Esophageal foreign bodies are more common in dogs than cats. Bones are the most common foreign body, but needles, fishhooks, wood and rawhides may also become lodged in the esophagus. Objects usually lodge in the areas of the esophagus with the least distensibility: base of the heart, at the level of the diaphragm and lower neck at the inlet to the chest cavity.

Clinical Signs
Drooling, gagging, regurgitation, anorexia and repeated attempts to swallow are signs of an esophageal foreign body. The signs depend on the location of the foreign body and the degree and duration of obstruction. A partial obstruction may allow fluids but not food to pass. With a chronic obstruction, anorexia, weight loss, and lethargy are common.
Perforation of the cervical esophagus may result in local abscessation or subcutaneous emphysema; perforation of the thoracic esophagus may result in air, bacteria and food to enter the thoracic cavity causing severe, life threatening complications. Esophagitis, mucosal laceration, esophageal stricture, and esophageal diverticulum formation are potential complications. Esophageal stricture formation is the most common complication associated with an esophageal foreign body. Aspiration pneumonia may also be seen secondary to the regurgitation.
Many esophageal foreign bodies are radiopaque and can be seen on plain radiographs. A contrast esophagram or esophagoscopy may be required to identify radiolucent foreign bodies such as plastics.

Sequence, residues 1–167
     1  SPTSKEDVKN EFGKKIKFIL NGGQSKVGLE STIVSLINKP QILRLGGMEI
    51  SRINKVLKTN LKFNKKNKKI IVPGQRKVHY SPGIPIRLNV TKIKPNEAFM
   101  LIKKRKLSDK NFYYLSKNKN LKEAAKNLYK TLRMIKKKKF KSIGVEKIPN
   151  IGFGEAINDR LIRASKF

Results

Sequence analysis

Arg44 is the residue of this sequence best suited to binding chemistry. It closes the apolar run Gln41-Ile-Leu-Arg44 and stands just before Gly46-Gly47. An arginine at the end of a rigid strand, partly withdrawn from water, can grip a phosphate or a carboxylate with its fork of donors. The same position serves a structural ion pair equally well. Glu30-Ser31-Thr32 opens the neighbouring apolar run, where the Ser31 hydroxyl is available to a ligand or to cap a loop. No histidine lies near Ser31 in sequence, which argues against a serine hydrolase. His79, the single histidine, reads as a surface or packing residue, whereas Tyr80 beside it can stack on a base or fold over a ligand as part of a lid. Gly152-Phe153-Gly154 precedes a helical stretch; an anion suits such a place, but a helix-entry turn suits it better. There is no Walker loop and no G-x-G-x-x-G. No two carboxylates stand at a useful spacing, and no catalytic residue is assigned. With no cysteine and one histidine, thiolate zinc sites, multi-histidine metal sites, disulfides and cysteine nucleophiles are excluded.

Esophageal foreign bodies, once diagnosed, should be removed immediately. Most often, a foreign body can be removed with a flexible endoscope and forceps. If a foreign body cannot be removed via endoscope or forceps then it may be pushed into the stomach where it can either be digested (eg, bones), passed, or removed via a gastrotomy. Surgery is indicated if a perforation has occurred or the foreign body cannot be removed via endoscopy; in one study, the recovery rate was 93% after surgery. There is potential for stricture formation and complications secondary to the poor wound healing ability of the esophagus.

Case of the month
Patient is an 11 year old female spayed miniature pinscher that presented for vomiting and anorexia for 4 days. Owner reported that patient did get into the garbage 5 days prior. On physical exam p was quiet, but alert. A hard object was palpated in the patients esophagus. Radiographs revealed an esophageal foreign body. The patient was transferred for endoscopy and foreign body removal. A large bone was removed from the esophagus.  The patient recovered well with no complications.